Practically everyone read Maud Newton‘s riff on David Foster Wallace‘s influence this weekend, but Edward Champion had some issues with it.
“Why do we spend so much time with stories whose endings we already know?” Derek Thompson writes about nostalgia and culture for The Atlantic, and his piece pairs well with Katy Waldman‘s Slate essay about “thinking that you’re not getting as much from reading as you used to.”
This week has been full of news about unorthodox children’s book authors. First, there was Keith Richards’s picture book, and now an Australian academic claims that Kim Jong-il and Kim Il-sung wrote children’s books, too. “I was astounded that children’s books (purportedly) written by Kim Jong-il and Kim Il-sung were vastly more readable than one would expect from any political leader in the democratic west, still less a severe authoritarian,” doctoral student Christopher Richardson said.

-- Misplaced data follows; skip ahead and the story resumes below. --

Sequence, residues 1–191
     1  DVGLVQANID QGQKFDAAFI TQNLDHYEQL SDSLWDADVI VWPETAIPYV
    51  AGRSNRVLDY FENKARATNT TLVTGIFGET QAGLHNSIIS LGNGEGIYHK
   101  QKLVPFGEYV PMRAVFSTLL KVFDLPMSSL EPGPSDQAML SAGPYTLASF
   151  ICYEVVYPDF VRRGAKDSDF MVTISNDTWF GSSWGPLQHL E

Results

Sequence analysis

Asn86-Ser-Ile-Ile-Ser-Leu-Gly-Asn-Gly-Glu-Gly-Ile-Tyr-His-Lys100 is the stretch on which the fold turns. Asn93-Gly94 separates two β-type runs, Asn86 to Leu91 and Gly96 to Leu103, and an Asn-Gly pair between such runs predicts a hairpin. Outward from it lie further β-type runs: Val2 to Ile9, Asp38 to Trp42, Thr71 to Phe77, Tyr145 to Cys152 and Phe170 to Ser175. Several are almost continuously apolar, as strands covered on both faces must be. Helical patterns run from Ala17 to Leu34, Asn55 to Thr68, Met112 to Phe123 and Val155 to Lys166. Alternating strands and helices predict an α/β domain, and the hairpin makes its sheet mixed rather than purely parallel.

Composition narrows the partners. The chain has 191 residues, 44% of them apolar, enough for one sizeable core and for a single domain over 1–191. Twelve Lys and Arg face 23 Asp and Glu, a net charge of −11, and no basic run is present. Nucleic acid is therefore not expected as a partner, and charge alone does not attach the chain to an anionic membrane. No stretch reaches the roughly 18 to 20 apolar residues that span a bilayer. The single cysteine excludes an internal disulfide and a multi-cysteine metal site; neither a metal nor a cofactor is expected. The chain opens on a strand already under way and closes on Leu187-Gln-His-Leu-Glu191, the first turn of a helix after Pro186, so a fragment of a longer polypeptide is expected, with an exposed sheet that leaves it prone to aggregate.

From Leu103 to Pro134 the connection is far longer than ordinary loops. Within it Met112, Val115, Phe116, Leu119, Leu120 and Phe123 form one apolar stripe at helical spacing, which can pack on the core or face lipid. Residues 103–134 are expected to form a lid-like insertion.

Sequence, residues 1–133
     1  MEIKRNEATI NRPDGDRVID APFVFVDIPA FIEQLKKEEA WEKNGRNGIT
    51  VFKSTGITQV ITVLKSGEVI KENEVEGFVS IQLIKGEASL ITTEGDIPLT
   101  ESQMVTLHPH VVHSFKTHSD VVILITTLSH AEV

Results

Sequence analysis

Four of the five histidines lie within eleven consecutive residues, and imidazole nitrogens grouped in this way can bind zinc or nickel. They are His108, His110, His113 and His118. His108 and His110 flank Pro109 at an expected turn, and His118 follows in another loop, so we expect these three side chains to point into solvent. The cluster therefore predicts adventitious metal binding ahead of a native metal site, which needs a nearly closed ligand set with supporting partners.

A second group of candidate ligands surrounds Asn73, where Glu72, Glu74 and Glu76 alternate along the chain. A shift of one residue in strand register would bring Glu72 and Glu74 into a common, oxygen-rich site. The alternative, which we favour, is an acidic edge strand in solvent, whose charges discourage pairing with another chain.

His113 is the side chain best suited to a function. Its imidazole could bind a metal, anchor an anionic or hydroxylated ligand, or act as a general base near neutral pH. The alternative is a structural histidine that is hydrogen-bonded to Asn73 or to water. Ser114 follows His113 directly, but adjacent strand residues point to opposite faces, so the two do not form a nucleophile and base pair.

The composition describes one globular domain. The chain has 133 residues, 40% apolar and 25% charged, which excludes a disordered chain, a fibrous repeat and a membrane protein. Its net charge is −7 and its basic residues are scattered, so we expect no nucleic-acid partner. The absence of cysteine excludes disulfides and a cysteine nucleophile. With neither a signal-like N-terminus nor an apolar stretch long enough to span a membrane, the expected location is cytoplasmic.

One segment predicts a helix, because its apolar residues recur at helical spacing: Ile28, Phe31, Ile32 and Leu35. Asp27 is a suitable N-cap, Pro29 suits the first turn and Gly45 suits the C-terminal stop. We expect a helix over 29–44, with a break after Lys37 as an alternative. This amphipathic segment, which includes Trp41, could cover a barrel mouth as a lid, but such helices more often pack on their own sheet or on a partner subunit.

Has the drudgery of submitting poems, stories, and manuscripts ever gotten you down? Marlon James, author of the Booker Prize winner A Brief History of Seven Killings, had his first novel rejected by nearly eighty publishing houses. Here’s a take on self-publishing from The Millions if all of this has got you down.
Matt Seidel has a helpful guide for book clubs across the country: How To Tell If Someone In Your Book Club Is a Homicidal Maniac. One possible clue? He contributes to the Water for Elephants discussion by “telling anecdotes about torturing animals as a child.”